“I created a special method for gold leafing in the mid 1980s when I was studying at the University of Art and Design in Helsinki,” Nieminen explains. “This method creates a three-dimensional effect and is unique each time it is applied.”

The Raja 6 is Versoul's most popular electric.

The Raja 6 is Versoul's most popular electric. (Image credit: Versoul)

The guitar’s other offbeat features include brown pearloid for the pickguard and control cavity plate, a nut cut from wild Finnish moose shinbone, and hand-crafted pickups whose covers resemble vintage microphones. The overall impression is of a pimped-out pawnshop instrument, and that’s meant as a compliment.

Still, these fancy appointments and idiosyncratic design features beg the question, “Is the Custom Raya 6 a conversation piece or a player’s instrument?” The answer begins to reveal itself the minute you take the Versoul guitar in your hands. 

The D-shaped neck is beefy yet comfortable, thanks to the smooth rolled edges, and the fret finish is perfect. The offset green abalone fretboard dots are hard to see while playing, but the fingerboard’s gold-leaf side markers are easy to discern.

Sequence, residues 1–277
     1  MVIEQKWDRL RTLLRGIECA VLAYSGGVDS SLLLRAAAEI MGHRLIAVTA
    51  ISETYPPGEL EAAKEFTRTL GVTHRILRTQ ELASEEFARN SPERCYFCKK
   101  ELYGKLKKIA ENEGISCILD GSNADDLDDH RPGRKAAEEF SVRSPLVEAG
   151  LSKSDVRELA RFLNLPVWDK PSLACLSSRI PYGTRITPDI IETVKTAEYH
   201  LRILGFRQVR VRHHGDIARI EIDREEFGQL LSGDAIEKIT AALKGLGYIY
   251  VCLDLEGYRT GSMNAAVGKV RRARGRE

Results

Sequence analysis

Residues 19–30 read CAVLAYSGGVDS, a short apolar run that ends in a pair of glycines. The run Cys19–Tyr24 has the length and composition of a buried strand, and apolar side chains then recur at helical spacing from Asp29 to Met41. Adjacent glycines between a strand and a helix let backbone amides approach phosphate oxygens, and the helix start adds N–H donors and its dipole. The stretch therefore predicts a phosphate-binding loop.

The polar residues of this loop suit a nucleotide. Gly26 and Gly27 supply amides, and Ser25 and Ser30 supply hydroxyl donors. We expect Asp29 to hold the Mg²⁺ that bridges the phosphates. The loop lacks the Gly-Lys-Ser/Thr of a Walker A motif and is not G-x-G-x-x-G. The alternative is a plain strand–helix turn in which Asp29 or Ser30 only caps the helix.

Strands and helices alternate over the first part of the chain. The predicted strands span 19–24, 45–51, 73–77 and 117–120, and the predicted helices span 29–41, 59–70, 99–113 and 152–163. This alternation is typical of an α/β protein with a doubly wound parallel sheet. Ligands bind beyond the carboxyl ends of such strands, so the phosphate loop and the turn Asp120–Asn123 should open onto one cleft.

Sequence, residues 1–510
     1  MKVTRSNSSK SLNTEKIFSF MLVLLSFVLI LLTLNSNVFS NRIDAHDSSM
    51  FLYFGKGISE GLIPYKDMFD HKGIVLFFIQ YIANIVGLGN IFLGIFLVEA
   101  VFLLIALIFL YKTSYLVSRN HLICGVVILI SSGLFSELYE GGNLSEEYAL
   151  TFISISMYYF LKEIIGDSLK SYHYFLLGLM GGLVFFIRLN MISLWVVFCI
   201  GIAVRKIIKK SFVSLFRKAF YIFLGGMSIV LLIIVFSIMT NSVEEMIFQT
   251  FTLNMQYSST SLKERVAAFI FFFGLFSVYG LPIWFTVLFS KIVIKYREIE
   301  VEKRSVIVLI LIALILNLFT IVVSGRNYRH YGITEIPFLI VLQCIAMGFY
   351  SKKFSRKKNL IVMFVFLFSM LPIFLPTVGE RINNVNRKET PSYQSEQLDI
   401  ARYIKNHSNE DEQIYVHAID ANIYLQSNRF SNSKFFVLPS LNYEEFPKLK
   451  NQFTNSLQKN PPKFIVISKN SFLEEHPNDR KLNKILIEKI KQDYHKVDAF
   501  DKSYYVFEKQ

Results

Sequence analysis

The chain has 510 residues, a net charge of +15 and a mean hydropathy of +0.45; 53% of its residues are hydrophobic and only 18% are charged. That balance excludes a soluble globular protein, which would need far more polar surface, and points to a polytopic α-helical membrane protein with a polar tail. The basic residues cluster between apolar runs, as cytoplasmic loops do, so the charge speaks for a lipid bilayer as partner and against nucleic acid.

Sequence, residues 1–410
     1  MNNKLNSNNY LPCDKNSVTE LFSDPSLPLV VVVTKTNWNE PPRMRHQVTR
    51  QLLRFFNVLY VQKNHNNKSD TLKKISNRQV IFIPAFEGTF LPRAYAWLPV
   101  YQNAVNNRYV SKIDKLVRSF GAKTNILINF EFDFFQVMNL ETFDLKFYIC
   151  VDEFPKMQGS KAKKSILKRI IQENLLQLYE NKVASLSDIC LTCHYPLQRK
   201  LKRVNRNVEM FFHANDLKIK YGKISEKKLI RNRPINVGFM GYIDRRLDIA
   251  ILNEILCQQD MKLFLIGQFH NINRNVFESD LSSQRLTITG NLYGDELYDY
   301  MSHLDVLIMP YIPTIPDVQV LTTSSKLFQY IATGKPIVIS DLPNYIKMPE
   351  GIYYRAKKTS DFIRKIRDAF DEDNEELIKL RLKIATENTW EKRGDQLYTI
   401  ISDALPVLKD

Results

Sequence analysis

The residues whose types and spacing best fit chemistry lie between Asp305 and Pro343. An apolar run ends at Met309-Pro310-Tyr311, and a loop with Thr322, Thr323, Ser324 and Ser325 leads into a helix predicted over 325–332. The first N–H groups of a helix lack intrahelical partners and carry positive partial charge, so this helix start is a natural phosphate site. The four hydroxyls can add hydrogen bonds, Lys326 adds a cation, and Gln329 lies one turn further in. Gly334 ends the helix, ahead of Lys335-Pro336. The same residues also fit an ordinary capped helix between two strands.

Even before plugging it in, it’s evident that the Raya is a great-sounding guitar. The overtones sound perfectly in tune, the output volume of every note is nearly identical, and the acoustic tone is warm and inviting. The quality of the guitar’s ring and sustain is interesting, and something about its attack, decay, sustain and release is different.

A single note played with vibrato sustains substantially. Strum a chord and it rings, but not quite like a typical high-end guitar. There is something reminiscent of the sonic personality of my Harmony Rebel, which adds to the Raya’s character. I can’t help thinking that the gold leaf is affecting the sonic imprint, and not in a bad way.